THE BEATERSBAND – Vol. Tre

Italian punk ‘n’ roll outfit Beatersband began cranking out good time sounds in 2018. Although they spent a couple of their early years hampered by a pandemic lockdown in terms of reaching live audiences, they more than made up for that with a prolific output. By the end of 2022, their comprises three albums, several singles and a brilliant cassette (‘Un Tuffo Nel Passatto’) which supplies the ultimate crash course in their work to date.

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RONNIE ROMERO – Raised On Heavy Radio

For his first solo album, Chilean vocalist Ronnie Romero took the easy route and put together a covers album. To be fair, it’s not like he had anything to prove; in the year before its recording, he’d already recorded well-received albums with both Lords of Black and The Ferrymen. He wasn’t about to spend much time coasting along recycling other peoples’ classic rock works either, since he then released an album with his other band Sunstorm, which hit the shelves barely four months later.

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ARCTIC RAIN – Unity

On their debut album (2020’s ‘The One’), Arctic Rain largely specialised in classic sounding melodic rock, but weren’t afraid to temper a big chorus with a slightly harder edge on occasion. That record presented a selection of very 80s sounding songs in tandem with some great guitar work, and as such, provided a huge amount of entertainment for lovers of bands like Alien, Last Autumn’s Dream and Miss Behaviour.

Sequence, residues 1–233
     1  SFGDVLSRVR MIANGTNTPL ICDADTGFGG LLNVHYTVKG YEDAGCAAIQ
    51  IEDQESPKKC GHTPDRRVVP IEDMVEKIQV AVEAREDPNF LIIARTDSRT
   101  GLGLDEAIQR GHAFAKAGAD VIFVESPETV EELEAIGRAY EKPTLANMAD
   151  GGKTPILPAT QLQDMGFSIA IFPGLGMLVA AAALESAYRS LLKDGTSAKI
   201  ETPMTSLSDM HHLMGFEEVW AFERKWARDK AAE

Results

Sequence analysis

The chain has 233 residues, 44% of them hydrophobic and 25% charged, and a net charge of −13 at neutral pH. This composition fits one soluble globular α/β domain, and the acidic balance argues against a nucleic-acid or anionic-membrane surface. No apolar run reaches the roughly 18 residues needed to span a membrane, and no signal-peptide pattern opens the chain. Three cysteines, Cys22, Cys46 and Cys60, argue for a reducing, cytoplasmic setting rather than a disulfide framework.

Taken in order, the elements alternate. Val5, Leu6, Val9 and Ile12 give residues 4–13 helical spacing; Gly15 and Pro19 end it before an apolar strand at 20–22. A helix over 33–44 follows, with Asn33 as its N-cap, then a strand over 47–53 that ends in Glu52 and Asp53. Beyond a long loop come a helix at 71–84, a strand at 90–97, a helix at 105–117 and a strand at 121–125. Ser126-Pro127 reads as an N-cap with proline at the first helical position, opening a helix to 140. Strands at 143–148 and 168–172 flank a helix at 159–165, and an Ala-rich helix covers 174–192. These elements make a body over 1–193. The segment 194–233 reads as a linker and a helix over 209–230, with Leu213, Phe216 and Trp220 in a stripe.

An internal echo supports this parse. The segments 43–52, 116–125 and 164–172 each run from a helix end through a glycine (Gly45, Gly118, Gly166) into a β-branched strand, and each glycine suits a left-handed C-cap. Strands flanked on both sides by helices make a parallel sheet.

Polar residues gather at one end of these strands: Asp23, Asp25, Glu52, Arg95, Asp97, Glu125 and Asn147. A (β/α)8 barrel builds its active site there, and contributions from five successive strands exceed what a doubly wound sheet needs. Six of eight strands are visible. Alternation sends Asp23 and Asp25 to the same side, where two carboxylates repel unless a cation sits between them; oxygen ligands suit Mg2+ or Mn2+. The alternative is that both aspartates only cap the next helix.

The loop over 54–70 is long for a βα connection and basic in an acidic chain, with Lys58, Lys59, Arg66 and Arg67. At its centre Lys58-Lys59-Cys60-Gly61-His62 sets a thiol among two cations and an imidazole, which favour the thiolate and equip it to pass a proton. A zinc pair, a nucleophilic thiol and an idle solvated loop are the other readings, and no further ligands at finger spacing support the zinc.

Their second LP, ‘Unity’, is a worthy follow up to a great debut, even though it sometimes takes a very different approach. Despite a heavier sound in places, the big choruses retain the same melodic charm as before, and on at least half of the songs, there are still some very broad melodies shining through. This is a record that fans will still enjoy, but it is also the kind of record that shows the band pushing forward.

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THE PROG COLLECTIVE – Seeking Peace

Formed in 2012, The Prog Collective purports to be the world’s biggest prog rock supergroup. The idea of “supergroup” suggests musicians taking a permanent role; for this band, the reality is somewhat different. Yes, there are a lot of different musicians involved, but many of the famous faces signed up for the Collective only ever play on one or two tracks each. In that respect, as has previously been pointed out, this is just another vehicle for the multi-talented Billy Sherwood to present material that doesn’t necessarily fit his day job as Yes bassist/arranger. That isn’t necessarily a bad thing, of course – the likelihood of Steve Hillage, Richard Page and Dweezil Zappa ever being invited to a Yes recording session is less than zero, so Sherwood’s extra-curricular project is more than valid.

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VARIOUS ARTISTS – What A Groovy Day: The British Sunshine Pop Sound 1967-72

Over the years, Cherry Red Records and their vast array of subsidiary labels have been responsible for releasing some great box sets centring around 60s and 70s material, but ‘What A Groovy Day: The British Sunshine Pop Sound 1967-72’ is potentially one of their most quirky. By throwing a light on an era when single releases were still considered important, it guarantees a great listen full of pop laden treats. but It also provides an easy opportunity to rediscover various oft-forgotten or unknown three minute nuggets when digging deeply into the archives. As always, by mixing the cult with lesser known tunes by familiar faces, it’s the kind of Cherry Red release that should appeal to a broad spectrum of retro pop fans.

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